Let's put this debate to rest once and for all.
Time after time, my beautiful feed is graced with the presence of the never-ending debate in shisha history.
“What does the ash colour say about YOUR coal”…
“5 ways to distinguish poor and good quality shisha charcoal”
“ASH Colour & Coal Performance”
And other bullshit.
So, here at Shaman Coal, we have over the years developed quite a bit of expertise in the area. And we believe it is time to lay this ridiculous discussion to rest…Agree?
Before we dive into the weird and wonderful science of coconut ash, let’s clear the air by dismissing all laughable fluff that you may have heard before.
Ash colour has no effect on the performance. Repeat this mantra 10 times before you go to sleep.
Brown = does not equal bad. White = does not equal good.
Ash colour does not affect taste. Oh yes, believe me people have argued that brown ash improves the classical Arabic aromas.
Ok let’s begin.
Most of the world’s coconut supply is sourced from South East Asia. Malaysia, India, Philippines, Thailand, but most notably, Indonesia. There are different types of coconut’s, but they all grow from the same palm tree species - Cocos Nucifera. In fertile palm tree plantations, the coco palm can produce about 70-100 coconuts a year.
Where the tree is planted has a lot to do with the colour of the shell’s ash, and that’s because the tree absorbs the soil’s natural minerals into the fruit.For example, soil that is rich in calcium produces whiter ash. Soil that has potassium produces browner shades. Soil that is rich in Iron can produce almost red ash.
Coal Colours from the Shaman Laboratory, 2019.
Now this is where things become interesting:
In most western cultures, white colour has been historically associated with pureness and cleanliness.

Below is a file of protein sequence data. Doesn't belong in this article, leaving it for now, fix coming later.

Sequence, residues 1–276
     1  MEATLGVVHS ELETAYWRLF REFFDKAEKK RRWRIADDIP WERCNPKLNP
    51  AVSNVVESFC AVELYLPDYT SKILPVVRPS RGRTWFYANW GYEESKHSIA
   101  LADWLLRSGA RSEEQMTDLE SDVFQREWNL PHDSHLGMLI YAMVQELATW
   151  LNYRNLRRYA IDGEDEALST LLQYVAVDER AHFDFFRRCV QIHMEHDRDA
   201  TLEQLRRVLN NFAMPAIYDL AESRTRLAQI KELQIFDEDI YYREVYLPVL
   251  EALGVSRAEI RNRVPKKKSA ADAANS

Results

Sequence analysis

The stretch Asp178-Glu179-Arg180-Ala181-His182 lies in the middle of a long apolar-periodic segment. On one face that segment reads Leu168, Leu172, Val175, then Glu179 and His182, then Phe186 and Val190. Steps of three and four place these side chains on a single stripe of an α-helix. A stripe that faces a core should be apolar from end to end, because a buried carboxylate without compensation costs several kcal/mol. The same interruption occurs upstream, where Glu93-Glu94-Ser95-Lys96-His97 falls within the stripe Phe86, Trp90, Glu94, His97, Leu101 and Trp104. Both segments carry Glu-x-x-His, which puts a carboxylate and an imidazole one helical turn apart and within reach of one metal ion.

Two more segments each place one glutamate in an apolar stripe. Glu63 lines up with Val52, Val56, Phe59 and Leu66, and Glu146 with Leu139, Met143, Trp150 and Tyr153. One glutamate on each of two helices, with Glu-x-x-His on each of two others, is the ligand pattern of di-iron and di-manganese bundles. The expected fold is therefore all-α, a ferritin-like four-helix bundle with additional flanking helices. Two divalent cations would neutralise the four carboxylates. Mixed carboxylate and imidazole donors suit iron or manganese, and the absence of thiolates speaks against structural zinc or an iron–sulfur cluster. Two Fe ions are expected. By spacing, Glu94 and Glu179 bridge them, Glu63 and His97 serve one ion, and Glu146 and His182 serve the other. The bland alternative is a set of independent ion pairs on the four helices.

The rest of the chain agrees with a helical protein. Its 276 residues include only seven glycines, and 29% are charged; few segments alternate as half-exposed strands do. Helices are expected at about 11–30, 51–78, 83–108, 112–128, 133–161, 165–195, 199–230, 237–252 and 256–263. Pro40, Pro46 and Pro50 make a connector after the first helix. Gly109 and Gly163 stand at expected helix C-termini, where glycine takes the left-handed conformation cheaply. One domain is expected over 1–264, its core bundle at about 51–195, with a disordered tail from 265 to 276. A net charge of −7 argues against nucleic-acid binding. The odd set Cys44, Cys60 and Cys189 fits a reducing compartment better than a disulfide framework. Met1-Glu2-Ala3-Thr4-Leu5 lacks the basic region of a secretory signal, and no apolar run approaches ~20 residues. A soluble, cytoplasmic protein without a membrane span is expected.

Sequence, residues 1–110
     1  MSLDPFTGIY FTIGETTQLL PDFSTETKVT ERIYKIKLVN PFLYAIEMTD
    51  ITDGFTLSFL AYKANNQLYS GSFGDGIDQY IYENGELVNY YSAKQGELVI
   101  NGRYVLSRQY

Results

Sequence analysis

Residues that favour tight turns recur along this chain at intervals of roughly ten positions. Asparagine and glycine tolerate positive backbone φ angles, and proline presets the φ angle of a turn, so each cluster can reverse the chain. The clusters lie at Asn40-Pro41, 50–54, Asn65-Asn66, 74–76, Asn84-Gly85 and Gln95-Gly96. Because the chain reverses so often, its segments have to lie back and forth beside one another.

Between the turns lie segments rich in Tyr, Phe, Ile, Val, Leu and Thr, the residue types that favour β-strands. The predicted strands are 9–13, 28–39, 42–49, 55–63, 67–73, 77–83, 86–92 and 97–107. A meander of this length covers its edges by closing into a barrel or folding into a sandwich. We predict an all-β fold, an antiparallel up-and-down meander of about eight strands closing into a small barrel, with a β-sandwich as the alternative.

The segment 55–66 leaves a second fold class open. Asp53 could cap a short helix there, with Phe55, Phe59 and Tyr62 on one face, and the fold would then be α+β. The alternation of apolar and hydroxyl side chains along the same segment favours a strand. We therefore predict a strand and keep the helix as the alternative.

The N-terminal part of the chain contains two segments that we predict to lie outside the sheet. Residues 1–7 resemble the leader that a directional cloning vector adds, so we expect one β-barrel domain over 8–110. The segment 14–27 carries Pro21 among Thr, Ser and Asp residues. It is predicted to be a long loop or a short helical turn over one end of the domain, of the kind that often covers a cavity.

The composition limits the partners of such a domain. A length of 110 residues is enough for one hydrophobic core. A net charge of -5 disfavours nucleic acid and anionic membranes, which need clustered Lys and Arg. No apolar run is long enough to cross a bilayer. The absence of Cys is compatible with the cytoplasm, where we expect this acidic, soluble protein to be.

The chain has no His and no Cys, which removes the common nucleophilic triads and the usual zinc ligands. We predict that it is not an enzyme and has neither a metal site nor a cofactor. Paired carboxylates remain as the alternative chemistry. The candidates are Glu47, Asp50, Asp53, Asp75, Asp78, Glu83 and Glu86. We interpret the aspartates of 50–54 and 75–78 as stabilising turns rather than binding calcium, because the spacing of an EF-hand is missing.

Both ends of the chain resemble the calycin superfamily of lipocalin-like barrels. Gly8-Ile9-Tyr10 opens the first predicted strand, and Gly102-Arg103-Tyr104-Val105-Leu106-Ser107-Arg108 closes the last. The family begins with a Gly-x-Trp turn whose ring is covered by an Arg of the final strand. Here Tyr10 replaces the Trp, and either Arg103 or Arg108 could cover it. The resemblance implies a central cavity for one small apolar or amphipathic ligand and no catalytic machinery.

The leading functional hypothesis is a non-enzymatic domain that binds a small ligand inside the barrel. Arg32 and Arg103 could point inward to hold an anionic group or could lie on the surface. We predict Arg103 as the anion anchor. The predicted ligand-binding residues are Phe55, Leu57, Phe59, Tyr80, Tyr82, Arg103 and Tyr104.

A colour of perfection per se. White ash is more desired in US, EU, and Russian markets. To cater to this, some producers feel the need to mix sawdust or wood to increase the “whitness” of the ash (if they cant get it initially from their own coconuts). This is because wood almost exclusively produces white or grey ash residue.
The problem is, good quality wood is quite pricey, so some producers resort to chemical agents to purify the colour.
This is a big no-no, because bleach agents like chlorine, bromine or peroxide have serious carcinogen implications, and are quite explosive. These toxins are banned in the EU, but unfortunately are less regulated in developing nations. If you ever smoked white charcoal that produced nasty fumes and caused dizziness, it's likely these had bleach agents in them.
That’s the part of raw material. Let’s move on to the bonding agents.
Most coconut charcoal is mixed with a bonding agent to keep the coals from splitting and improving their overall density and sturdiness. Starches like tapioca is most commonly used in Indonesia due to the relatively cheap availability of the cassava, a root used almost for all sweet delights in the region. You may have heard that because tapioca starch is white, better quality tapioca produces whiter ash.
Starch does not affect colour. It plays its own crucial role, but that’s for another discussion.
To finish up, I want to leave you with this small piece of knowledge:
Demand for coconut shell charcoal has exploded with the development of the shisha industry. It is cheap, produces higher heat and does not affect the taste of the tobacco.
All coconut charcoal producers try to stick to one type of carbonized coconut shell supplier, as this is more stable in terms of their own quality & performance.
However, as competition increases, 100% stable quality is nearly impossible to maintain, so producers buy stock from all areas in order to satisfy demand. This does not mean that the quality is bad, just that it is possible that in one container, you may see different types of ash shades.
How the producers mixes the raw material, the technological process and drying process is the ultimate performance indicator for the coal.